Americans only get a small taste of what Japan has to offer in the terms of anime. Usually, only the most visually interesting, marketable properties make the cut, leaving the ones that weren't in incredibly high demand in the dust. This, unfortunately, eventually piles up a long list of Japanese-only anime that's never made it to America. Although fandubs and fansubs might be out there, these poor unlicensed series are anime only available in Japan.
Without an English dub, it's up to hardcore otakus to scour out these series, because, without the licensing, there's no way you're going to find these gems anywhere other than conventions or Japanese retailers. For one reason or another, even though these anime are all great titles in their respective forms, they remain hidden as anime only in Japanese.
From magical girls to dark, dystopian themes and teachers with demonic monster arms, feast your eyes on some great, undubbed anime that's buried away in localization limbo.
Join a totally cute cast of humanized mermaid princesses in Mermaid Melody Pichi Pichi Pitch, a glorious concoction of magical girl comedy and romantic drama about mer-girls who can't reveal their true identities without bursting into a billion bubbles. At one point, ADV films did actually license this wonderful mermaid tale, but due to lack of backers and TV support, they eventually passed it off to TV Aichi, who are sitting on it until it fizzles out.
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.hack//Beyond The World AKA .hack//The Movie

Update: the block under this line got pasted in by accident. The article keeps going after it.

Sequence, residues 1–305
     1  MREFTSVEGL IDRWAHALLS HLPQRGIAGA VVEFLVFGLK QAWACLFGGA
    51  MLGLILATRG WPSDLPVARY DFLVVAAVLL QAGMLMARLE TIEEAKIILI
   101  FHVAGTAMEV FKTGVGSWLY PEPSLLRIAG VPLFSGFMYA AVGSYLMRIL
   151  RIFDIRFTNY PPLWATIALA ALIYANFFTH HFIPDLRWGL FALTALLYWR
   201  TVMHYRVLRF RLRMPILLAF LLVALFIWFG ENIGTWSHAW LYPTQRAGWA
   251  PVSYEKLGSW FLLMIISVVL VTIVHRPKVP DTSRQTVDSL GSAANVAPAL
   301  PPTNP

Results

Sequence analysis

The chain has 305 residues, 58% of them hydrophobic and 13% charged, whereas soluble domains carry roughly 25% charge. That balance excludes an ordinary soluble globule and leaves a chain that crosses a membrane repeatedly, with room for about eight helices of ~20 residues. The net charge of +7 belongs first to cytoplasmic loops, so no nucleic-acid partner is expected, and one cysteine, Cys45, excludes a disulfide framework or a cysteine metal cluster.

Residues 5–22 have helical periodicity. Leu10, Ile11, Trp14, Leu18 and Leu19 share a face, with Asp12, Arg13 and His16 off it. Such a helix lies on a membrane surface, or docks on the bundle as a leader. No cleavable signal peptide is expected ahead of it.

This theatrical debut for the .hack// franchise is a beautifully animated CGI/animation hybrid where monsters from a popular MMORPG arise during the 2024 Summer Olympics, providing a chaotic setting and a sci-fi joyride for anyone who has a passion for gaming.
The movie was eventually released as a Blu-ray /PS3 hybrid, but because the accompanying fighting game (.hack//Versus) was never localized due to decreasing popularity and the discontinuation of the .hack// games for PS2, the movie itself never received a dub or a sub.
Basquash! involves both sports and mecha action, as dwellers of a technologically advanced city play basketball with their big, beefy robots. It's exactly as awesome as it sounds.
Unfortunately, for some unknown reason, no American licensing company thought these giant, b-ball bouncing bots were marketable enough to bring overseas. As it originally launched in 2009, this anime is well past its debut period.
Kamikaze Kaitou Jeanne AKA Phantom Thief Jeanne
Phantom Thief Jeanne is the unique and peppy tale of a magical girl who has been given the holy task of hunting demons within treasures, causing them to disappear in the real world. Oh, and she's in high school, so her newly God-given criminal activities are surrounded with romance, drama, and hilarious scenarios that will entertain you for hours.
On the Western end, at the time of its 2009 release, magical girl genres were generally heavily edited for younger US audiences, and nobody took on the burden of adapting it.